Abies sibirica

Status_ne_offStatus_dd_offStatus_lc_onStatus_nt_offStatus_vu_offStatus_en_offStatus_cr_offStatus_ew_offStatus_ex_off

Taxonomy [top]

Kingdom Phylum Class Order Family
PLANTAE TRACHEOPHYTA PINOPSIDA PINALES PINACEAE

Scientific Name: Abies sibirica
Species Authority: Ledeb.
Infra-specific Taxa Assessed:
Common Name(s):
English Siberian Fir

Assessment Information [top]

Red List Category & Criteria: Least Concern ver 3.1
Year Published: 2011
Date Assessed: 2010-12-16
Assessor(s): Katsuki, T., Rushforth, K. & Zhang, D
Reviewer(s): Thomas, P. & Farjon, A.
Justification:
As the Siberian Fir (Abies sibirica) is very widespread and there are no major threats it is assessed as Least Concern.
History:
1998 Lower Risk/least concern (Oldfield et al. 1998)

Geographic Range [top]

Range Description:This species is found across N Russia and Siberia, from Archangel'sk eastward to the Amur River, southward to the mountains along the Sino-Russian border and the Tien Shan Range. It is also found in Xingjiang, China, and in Kirgyzstan.
Countries:
Native:
China (Xinjiang); Kyrgyzstan; Russian Federation (Altay, Amur, Buryatiya, Chita, Irkutsk, Khabarovsk, Krasnoyarsk, Tuva, West Siberia, Yakutiya)
Range Map:Click here to open the map viewer and explore range.

Population [top]

Population: In some areas it forms extensive forests consisting of many thousands of trees.
Population Trend: Stable

Habitat and Ecology [top]

Habitat and Ecology: Abies sibirica is widespread across the Siberian taiga, where it occurs from near sea level on the northern plains to 2,000 m asl in the mountains. It remains well south of the arctic tree limit in Siberia, in fact it is more common in W Siberia and the Altai Mountains, which have a less severe climate. The soils are usually of alluvial origin, podzolic, and in the mountains also calcareous, well drained and free of permafrost. The climate is cold continental, but not extreme in most parts of the range of the species. There are pure forests, but more often it is mixed with other conifers, e.g. Picea obovata, Larix gmelinii, in the mountains also L. sibirica and Pinus sibirica; common broad-leaved trees or shrubs are Betula pendula, Populus tremula, Sorbus aucuparia and Viburnum opulus. In the southwestern part of its range other broad leaved trees are mixed in: Tilia cordata, Ulmus scabra, and Acer platanoides.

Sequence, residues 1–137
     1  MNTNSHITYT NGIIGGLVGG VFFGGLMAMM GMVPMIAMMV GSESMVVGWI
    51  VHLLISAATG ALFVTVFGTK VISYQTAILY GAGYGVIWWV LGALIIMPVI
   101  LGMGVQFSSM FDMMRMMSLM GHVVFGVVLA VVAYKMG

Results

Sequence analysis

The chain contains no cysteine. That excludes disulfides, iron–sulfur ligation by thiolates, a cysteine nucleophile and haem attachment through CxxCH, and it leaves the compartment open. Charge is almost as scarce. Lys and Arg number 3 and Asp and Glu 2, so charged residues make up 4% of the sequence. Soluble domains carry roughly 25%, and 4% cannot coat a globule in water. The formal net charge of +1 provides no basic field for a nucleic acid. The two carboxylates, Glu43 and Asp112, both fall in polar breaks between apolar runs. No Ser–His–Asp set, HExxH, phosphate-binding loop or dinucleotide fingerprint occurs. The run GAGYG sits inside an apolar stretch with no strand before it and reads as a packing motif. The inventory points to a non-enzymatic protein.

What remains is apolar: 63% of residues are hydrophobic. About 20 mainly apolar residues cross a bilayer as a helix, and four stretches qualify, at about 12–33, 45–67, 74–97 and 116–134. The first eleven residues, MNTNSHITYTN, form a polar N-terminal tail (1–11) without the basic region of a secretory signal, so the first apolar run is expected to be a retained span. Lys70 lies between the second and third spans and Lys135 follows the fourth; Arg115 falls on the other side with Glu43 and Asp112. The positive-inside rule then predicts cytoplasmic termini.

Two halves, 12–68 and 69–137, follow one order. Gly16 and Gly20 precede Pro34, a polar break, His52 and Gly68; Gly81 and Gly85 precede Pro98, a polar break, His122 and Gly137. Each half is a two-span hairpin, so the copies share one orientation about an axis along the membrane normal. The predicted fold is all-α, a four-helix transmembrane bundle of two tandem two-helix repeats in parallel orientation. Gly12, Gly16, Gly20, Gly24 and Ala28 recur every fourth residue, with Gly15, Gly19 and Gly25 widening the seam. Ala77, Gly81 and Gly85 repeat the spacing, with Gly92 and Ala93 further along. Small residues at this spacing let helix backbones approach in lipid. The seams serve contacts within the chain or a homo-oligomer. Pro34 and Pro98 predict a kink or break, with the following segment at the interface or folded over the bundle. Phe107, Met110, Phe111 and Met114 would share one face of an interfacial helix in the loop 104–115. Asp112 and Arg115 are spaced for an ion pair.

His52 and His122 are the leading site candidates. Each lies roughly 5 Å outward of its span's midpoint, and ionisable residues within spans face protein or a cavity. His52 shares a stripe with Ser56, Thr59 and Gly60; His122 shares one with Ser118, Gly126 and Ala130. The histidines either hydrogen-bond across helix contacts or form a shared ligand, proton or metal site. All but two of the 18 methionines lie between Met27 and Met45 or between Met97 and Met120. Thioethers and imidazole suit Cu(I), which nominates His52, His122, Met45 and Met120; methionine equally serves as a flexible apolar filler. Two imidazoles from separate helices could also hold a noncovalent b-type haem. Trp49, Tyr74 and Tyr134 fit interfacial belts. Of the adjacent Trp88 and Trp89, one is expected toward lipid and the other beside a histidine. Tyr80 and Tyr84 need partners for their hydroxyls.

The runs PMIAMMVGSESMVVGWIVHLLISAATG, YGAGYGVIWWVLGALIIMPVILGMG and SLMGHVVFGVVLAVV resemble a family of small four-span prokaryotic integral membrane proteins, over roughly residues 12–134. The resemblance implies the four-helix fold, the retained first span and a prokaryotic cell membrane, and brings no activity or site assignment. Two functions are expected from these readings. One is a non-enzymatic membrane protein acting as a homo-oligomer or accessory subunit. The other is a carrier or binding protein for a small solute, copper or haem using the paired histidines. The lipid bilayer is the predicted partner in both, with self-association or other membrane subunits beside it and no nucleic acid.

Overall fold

Systems: Terrestrial

Use and Trade [top]

Use and Trade: Siberian Fir is an economically important timber tree. Its wood is used in light-frame construction and for pulpwood. Planted in regions with mild winters it can be damaged by 'late' frost; it is also intolerant of air pollution. In Central and E Europe it has been introduced as an amenity tree and several 'forms' and cultivars are known.

Threats [top]

Major Threat(s): No specific threats have been identified for this species.

Conservation Actions [top]

Conservation Actions: This species is known from several protected areas although the vast majority of the population occurs outside of those areas.

Bibliography [top]

Farjon, A. 2010. Conifer Database (June 2008) In Species 2000 & ITIS Catalogue of Life: 2010 Annual Checklist (Bisby F.A., Roskov Y.R., Orrell T.M., Nicolson D., Paglinawan L.E., Bailly N., Kirk P.M., Bourgoin T., Baillargeon G., eds). Reading, UK. Available at: http://www.catalogueoflife.org/.

Farjon, A. 2010. A Handbook of the World's Conifers. Koninklijke Brill, Leiden.

IUCN. 2011. IUCN Red List of Threatened Species (ver. 2011.2). Available at: http://www.iucnredlist.org. (Accessed: 10 November 2011).


Citation: Katsuki, T., Rushforth, K. & Zhang, D 2011. Abies sibirica. In: The IUCN Red List of Threatened Species. Version 2014.3. <www.iucnredlist.org>. Downloaded on 19 December 2014.
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